As the COVID-19 pandemic continues to take a toll on the world, it is natural to ponder how your workplace will be in the future. The uncertainty and turmoil that the pandemic has placed on us can make it difficult to maintain our mental health.
In this post, learn how you can acquire information, support, and tips to keep your mental wellbeing intact during the COVID-19 pandemic.
- Only get your news from trusted sources.
- If you feel that social media is worsening your anxiety, limit your exposure to it.
- Maintain a healthy sleep and rest routine. If you find yourself working longer, take a break, and watch your physical health.
- Communicate with your friends and family through phones, emails, and videos.
- Make local arrangements for worker childcare in your area.
You can download the CheckUp Health App to keep track of your health. The CheckUp Health app allows you to speak to a general physician at any time. Among other things, the CheckUp Health app allows you to:
- Book healthcare appointments.
- Access your personal health records.
- View results and get prescriptions.
- Receive sick notes and referrals.
Self-Care Resources and Campaigns from the RCN
To get an idea of how the Member Support Service from the RCN can help you with your emotional wellbeing, career, finances, welfare, and peer support service, see the Providing emotional and practical support for you leaflet.
To get resources, advise, and posters for managers, members, and safety professionals on the importance of good hydration, breaks, and proper nutrition, refer to the Rest, Rehydrate, Refuel campaign.
So as to learn of the important steps for staff to take care of themselves, the self-care during COVID-19 poster is very handy.
Each video in the Time and Space mindfulness series was created for nursing staff. Each video covers a different part of the day and offers a number of practical techniques to use. Nurses in charge and nurse managers also have access to a “team support and defusing” video.
You can access free mental and emotional wellbeing services for frontline workers from Frontline 19.
In case you are a frontline worker, directly working with COVID-19, and need support during this difficult time, you can talk to a qualified psychotherapist, psychologist or counselor at a time and place of your choosing, free of charge.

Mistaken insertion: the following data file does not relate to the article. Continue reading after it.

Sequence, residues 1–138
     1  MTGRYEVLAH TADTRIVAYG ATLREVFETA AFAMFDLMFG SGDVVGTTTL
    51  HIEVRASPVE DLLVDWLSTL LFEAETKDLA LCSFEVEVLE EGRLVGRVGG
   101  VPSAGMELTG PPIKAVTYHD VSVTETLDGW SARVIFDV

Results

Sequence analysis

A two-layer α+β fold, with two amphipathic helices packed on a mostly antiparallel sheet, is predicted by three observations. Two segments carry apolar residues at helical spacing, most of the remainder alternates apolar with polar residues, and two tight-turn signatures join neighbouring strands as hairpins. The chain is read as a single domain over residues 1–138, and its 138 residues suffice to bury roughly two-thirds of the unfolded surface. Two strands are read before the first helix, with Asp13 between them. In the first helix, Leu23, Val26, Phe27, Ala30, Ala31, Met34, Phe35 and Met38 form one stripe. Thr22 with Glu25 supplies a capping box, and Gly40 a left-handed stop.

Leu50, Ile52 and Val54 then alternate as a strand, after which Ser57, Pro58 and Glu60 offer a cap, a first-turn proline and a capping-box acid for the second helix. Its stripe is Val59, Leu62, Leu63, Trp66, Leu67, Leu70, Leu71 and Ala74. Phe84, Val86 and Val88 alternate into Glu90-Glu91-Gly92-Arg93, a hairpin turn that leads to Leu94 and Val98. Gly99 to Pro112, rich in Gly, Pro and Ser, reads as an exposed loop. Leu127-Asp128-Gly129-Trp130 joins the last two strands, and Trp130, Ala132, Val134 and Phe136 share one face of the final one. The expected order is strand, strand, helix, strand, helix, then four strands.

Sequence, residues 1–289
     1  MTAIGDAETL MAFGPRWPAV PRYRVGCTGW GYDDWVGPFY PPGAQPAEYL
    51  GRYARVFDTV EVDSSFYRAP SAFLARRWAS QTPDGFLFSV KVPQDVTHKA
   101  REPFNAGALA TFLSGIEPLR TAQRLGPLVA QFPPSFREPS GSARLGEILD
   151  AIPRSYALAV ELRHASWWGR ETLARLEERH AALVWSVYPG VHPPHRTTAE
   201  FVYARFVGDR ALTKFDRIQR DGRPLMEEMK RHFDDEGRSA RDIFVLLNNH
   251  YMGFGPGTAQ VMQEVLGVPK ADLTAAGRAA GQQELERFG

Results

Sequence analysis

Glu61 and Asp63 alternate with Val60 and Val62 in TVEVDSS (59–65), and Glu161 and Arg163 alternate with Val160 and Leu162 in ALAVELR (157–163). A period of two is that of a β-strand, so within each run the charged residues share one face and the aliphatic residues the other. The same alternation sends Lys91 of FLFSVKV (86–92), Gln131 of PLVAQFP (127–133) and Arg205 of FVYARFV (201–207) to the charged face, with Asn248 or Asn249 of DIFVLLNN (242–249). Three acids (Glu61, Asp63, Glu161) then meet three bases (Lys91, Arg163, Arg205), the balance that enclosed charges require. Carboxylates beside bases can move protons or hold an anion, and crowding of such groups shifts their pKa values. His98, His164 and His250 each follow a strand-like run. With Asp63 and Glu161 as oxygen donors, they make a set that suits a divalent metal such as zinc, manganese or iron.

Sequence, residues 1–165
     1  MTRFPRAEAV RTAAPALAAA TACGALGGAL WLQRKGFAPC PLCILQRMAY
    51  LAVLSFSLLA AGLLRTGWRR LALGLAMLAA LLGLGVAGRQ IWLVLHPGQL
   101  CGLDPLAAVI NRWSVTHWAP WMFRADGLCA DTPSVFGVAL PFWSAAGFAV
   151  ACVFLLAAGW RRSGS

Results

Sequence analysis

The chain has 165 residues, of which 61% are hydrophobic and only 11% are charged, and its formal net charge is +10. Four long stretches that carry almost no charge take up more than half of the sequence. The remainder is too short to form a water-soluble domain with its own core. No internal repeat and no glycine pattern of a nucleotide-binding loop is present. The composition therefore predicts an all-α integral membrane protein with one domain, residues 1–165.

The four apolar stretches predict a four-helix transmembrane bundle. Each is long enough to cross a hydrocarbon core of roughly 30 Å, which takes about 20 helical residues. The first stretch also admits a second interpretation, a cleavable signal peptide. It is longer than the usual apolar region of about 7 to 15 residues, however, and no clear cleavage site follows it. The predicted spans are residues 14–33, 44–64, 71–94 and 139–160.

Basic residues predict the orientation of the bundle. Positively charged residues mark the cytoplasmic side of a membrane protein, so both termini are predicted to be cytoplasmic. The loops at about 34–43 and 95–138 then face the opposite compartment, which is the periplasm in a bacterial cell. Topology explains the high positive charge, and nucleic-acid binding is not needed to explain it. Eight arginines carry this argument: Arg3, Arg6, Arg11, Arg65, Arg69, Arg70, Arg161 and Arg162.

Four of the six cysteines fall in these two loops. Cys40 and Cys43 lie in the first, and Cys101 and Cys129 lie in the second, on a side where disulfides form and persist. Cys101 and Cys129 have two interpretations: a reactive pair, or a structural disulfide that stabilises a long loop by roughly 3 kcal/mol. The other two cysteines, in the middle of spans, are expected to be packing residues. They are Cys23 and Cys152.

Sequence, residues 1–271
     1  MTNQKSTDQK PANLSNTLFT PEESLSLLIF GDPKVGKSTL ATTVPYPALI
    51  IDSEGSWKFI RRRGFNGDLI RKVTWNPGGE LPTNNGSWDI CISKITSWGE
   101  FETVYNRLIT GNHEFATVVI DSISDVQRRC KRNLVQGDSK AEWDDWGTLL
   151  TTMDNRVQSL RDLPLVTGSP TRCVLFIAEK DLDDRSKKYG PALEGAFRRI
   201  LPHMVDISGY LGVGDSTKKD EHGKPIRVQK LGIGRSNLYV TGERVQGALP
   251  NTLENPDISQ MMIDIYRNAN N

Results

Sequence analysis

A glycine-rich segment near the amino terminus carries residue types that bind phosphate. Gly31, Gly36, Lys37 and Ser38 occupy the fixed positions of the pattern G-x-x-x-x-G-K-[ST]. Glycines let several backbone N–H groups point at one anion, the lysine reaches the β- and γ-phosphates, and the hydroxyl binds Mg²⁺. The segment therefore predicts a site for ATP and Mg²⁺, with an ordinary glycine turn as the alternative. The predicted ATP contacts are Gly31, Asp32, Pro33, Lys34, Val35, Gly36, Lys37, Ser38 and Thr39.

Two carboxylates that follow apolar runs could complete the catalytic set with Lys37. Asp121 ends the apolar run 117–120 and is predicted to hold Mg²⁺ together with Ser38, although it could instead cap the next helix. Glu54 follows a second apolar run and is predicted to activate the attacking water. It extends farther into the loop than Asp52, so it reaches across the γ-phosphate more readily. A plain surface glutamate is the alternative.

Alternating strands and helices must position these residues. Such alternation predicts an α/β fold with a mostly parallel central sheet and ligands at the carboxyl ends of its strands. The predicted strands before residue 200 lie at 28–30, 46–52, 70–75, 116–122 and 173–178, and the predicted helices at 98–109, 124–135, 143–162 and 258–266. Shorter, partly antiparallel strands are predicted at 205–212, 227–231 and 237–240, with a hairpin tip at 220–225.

“Our Frontline” Resource
If you are a healthcare worker, you can receive one-on-one around the clock support from Our Frontline. Support is offered through text or call from trained volunteers who offer signposts, resources, and ideas to help you take care of your mental health.
The support is tailored to whether you work in emergency services, healthcare, or social care as a key worker. You can also check the general resources that are tailored for Wales, Northern Ireland, or Scotland.
As an NHS staff, you have access to wellbeing apps like Unmind and Headpace for free. Check out the NHS Employee website for more information.
On the Headpace app, there is a free section called “Weathering the storm.” This section is available to everyone and contains movement, meditation, and sleep exercises.
Sleepio is an app that helps improve sleep while Daylight is an app that helps with symptoms of worry using cognitive behavioral techniques. Sleepio and Daylight are also available for free for NHS employees. That being said, non-NHS employees can also sign up for the apps.
An app that is free for all to use during the COVID-19 crisis is My Possible Self. It contains simple learning modules to help you manage anxiety, fear, and unhelpful thinking. It also allows you to record your experiences so as to stay ahead of your mental health.
For more apps, check out the NHS wellbeing apps. Most of them should be free for everyone.
RCEM Wellbeing App for Emergency and Critical Care
The Royal College of Emergency Medicine encourages those working in critical and emergency care to use the RCEM Wellbeing App.
The app is tailored for those in critical and emergency care. It will help you keep track of your wellbeing during this difficult time. RCEM has offered the app to nurses for free until the end of the year.
Handling Death at Work
Death is hard to process, regardless of whether you encounter it for the first time as a student or have experienced it many times as a health worker. The number of deaths healthcare professionals are exposed to during the COVID-19 pandemic will be higher than usual.
As such, the psychological impact of death should not be underestimated. You can get helpful tips on how to cope with a patient’s death from the RCN blog: Dealing with Death.
In case you need more professional support, do not hesitate to call the RCN Counselling service. The counseling services are running, as usual, to support its members, especially at this time.
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